7. They provide potassium.
“Pomegranate juice provides a good source of potassium, an important electrolyte for healthy muscle function,” Moon says. Potassium is also necessary for healthy nerve function and regulation of heart rate.
The juice provides nearly 533 mg of potassium per cup, while the arils provide 205 milligrams of potassium per half-cup serving.
8. They may help improve kidney health.
Kidney stones, which are like small rocks that can form in our kidneys, occur in around 11% of men and 6% of women in the U.S. If left untreated, they can cause blood in the urine, severe pain and severe kidney complications.
One study supports pomegranates as allies in kidney stone prevention and management thanks to the antioxidant dietary phytophenols, which were found to be effective for the prevention of forming stones.
9. They offer complex carbohydrates.
Despite recent fearmongering messages in diet culture about carbs, carbs are a macronutrient group that we need at every meal and snack. In fact, we need carbs to come from around half (or more, depending on your specific needs) of our intake. Including pomegranate arils and juice at meals and snacks can help us to meet our carb needs.
10. They may add to eating pleasure.
Some studies show that eating pleasure, including enjoying the sensory experiences of food while eating and cooking, may foster healthy food and nutrition behaviors.
With their festive color, and dynamic texture and taste, chances are good pomegranate arils may contribute to a heightened sensory experience both in the eating and cooking processes.
“The beautiful ruby red arils make any dish special – from bejeweling my basic breakfast smoothie bowl to all my holiday mains and sides” says Moon. And she says that pomegranate juice retains antioxidants during cooking: “If you like to cook, pomegranate juice is for you. The antioxidants in pomegranate juice are tough enough to survive simmering on the stovetop for up to two hours.”
Are pomegranate seeds better than juice?
Like with many fruits and veggies, pomegranate juice does not provide the same fiber content as pomegranate arils. Fiber gets lost in the juicing process, along with the fruit’s vitamin C — both of which are essential nutrients. But if your preferred method is to drink pomegranate juice, you will still reap all the benefits of the pomegranate’s antioxidants, key nutrients like potassium and other health benefits.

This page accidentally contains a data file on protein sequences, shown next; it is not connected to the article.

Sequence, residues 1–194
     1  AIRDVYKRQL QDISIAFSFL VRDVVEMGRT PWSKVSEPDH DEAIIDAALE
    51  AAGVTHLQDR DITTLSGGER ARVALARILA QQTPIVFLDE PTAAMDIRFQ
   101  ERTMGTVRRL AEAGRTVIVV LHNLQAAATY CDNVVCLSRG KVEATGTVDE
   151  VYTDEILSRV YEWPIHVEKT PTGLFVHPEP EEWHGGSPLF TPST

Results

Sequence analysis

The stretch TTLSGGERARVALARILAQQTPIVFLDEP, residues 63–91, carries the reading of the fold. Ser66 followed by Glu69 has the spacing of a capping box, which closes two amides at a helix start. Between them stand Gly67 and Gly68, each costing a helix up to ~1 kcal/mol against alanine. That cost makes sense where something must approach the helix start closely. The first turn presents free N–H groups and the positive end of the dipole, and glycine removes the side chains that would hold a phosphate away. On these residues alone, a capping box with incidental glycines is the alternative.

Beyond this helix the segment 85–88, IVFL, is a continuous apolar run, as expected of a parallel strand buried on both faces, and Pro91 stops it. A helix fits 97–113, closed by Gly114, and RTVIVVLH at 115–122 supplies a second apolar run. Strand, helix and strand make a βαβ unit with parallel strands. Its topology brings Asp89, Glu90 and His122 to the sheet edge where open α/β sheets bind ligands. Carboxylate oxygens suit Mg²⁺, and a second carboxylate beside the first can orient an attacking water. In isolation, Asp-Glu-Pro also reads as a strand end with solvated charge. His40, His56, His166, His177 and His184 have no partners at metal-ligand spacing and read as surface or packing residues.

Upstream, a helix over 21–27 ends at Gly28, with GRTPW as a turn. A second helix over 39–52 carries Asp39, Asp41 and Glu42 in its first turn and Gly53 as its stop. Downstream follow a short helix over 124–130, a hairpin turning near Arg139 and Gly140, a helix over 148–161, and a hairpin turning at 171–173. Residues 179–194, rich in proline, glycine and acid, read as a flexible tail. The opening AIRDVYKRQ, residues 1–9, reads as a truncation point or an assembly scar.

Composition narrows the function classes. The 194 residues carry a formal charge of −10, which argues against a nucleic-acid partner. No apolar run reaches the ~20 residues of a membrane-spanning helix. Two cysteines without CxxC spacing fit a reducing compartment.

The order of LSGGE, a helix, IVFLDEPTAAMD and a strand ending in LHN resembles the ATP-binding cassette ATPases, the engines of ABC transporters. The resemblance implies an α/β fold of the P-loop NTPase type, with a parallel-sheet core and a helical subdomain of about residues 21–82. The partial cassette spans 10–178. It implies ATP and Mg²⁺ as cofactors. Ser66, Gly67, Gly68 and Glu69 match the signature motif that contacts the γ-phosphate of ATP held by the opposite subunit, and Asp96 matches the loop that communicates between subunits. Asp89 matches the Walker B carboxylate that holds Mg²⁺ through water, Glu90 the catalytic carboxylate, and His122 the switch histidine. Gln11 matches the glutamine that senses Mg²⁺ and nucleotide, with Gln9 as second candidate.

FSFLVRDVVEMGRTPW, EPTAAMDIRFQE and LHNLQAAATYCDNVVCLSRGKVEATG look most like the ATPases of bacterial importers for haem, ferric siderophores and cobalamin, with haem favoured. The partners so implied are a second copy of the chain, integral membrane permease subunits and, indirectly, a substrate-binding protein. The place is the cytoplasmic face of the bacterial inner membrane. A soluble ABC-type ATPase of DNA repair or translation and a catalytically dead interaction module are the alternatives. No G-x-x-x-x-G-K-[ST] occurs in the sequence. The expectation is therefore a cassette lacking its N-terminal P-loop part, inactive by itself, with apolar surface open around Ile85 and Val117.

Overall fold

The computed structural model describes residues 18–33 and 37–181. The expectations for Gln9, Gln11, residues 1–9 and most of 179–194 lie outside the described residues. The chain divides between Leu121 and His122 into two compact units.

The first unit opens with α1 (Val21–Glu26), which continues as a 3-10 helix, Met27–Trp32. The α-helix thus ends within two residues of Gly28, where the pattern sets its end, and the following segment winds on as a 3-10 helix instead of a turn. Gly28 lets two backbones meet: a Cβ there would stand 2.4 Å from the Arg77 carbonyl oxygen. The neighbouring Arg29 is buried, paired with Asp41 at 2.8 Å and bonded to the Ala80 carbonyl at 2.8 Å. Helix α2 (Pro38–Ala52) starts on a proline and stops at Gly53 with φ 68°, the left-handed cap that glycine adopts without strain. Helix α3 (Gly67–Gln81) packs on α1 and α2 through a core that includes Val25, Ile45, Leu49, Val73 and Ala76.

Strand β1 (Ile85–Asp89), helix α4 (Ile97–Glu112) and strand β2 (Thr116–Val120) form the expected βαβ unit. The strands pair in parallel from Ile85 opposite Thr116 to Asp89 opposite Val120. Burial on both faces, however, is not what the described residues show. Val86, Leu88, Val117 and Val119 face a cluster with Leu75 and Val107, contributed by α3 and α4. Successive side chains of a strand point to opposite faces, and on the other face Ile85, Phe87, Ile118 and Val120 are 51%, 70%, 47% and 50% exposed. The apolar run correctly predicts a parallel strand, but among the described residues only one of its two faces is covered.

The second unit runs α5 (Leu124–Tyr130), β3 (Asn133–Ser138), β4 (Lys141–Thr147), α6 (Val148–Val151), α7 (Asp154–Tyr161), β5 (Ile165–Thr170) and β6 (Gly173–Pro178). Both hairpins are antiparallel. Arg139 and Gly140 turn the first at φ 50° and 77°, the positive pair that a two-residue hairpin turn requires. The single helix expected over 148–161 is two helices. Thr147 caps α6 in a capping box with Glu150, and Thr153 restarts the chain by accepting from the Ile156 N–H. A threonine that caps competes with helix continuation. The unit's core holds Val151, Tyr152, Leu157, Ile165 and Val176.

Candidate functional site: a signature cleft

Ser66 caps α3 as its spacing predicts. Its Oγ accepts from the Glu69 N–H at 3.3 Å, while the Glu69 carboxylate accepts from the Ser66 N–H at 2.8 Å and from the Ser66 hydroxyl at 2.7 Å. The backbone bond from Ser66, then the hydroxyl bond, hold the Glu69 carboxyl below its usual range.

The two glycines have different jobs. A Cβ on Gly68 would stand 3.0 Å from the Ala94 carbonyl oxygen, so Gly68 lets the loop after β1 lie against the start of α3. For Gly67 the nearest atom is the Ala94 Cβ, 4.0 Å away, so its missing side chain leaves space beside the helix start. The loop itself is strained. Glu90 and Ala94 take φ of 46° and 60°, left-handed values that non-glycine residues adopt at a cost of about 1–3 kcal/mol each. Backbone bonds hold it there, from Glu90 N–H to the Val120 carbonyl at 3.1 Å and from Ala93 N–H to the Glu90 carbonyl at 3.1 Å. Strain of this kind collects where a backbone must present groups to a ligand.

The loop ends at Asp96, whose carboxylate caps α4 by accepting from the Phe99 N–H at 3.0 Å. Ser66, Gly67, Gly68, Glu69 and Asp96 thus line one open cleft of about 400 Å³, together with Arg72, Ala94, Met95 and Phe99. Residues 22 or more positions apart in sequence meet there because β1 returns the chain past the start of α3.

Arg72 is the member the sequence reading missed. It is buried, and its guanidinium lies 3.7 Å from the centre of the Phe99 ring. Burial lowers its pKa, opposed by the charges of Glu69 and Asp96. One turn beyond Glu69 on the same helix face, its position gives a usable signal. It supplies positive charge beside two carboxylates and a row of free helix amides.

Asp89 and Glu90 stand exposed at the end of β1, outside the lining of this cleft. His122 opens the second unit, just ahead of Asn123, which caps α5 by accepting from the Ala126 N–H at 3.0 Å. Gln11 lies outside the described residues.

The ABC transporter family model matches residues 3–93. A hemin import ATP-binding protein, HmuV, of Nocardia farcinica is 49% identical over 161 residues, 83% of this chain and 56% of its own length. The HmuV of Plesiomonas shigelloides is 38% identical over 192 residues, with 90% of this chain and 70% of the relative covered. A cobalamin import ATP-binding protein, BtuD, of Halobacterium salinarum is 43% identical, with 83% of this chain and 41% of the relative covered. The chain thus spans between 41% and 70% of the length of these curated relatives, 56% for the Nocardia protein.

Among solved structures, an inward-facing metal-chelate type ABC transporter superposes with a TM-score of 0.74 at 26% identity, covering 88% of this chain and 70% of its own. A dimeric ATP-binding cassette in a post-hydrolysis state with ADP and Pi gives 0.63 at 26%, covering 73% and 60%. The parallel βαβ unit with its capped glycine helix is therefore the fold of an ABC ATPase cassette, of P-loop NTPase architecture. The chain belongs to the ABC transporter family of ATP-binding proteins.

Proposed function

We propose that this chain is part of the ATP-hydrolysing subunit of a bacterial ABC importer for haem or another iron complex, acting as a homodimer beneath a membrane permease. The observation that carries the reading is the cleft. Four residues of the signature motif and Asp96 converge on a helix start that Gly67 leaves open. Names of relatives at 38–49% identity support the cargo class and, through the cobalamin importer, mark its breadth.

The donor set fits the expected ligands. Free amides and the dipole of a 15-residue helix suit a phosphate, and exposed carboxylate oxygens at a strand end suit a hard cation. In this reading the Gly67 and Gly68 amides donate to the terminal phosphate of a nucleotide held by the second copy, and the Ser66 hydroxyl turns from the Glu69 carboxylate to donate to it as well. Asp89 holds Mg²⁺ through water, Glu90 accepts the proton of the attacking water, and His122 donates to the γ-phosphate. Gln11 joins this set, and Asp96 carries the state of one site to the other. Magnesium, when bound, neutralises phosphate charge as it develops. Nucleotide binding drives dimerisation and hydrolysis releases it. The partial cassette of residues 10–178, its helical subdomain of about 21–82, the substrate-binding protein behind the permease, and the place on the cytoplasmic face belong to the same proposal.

Are there side effects of consuming pomegranates?
According to Moon and Lorencz, there are some points of caution to consider when consuming pomegranates. “Caregivers who are introducing new foods to infants should be mindful about their development levels and what kinds of foods they can tolerate,” says Moon.
As mentioned, pomegranate juice is a good source of potassium. Moon says this “is a great thing for generally healthy folks, but some people need to watch their intake if their kidneys have trouble regulating it. Situations can vary by individual, so it’s best to work with your health care provider on any questions.”
Lorencz points out that eating pomegranates or drinking pomegranate juice in large amounts could cause gastrointestinal issues like diarrhea, “possibly due to the high sugar content of pomegranates,” she says. On that note, anyone who needs to have a heightened awareness of blood sugar levels, like people with diabetes, can certainly enjoy pomegranates. However, pairing the arils or juice with a protein and/or fat source (such as yogurt) can help with blood sugar stability.
Caroline L. Young, MS, RD, LD, RYT, (she/her) is a nutrition counselor, yoga teacher and freelance health journalist. Caroline is owner and founder of Whole Self Nutrition (WSN), LLC. Caroline has worked in the health and wellness industry for over a decade, and she is passionate about breaking down nutrition science into relatable information. She loves helping people understand the truth about nutrition, so they can have the healthiest relationships to food possible.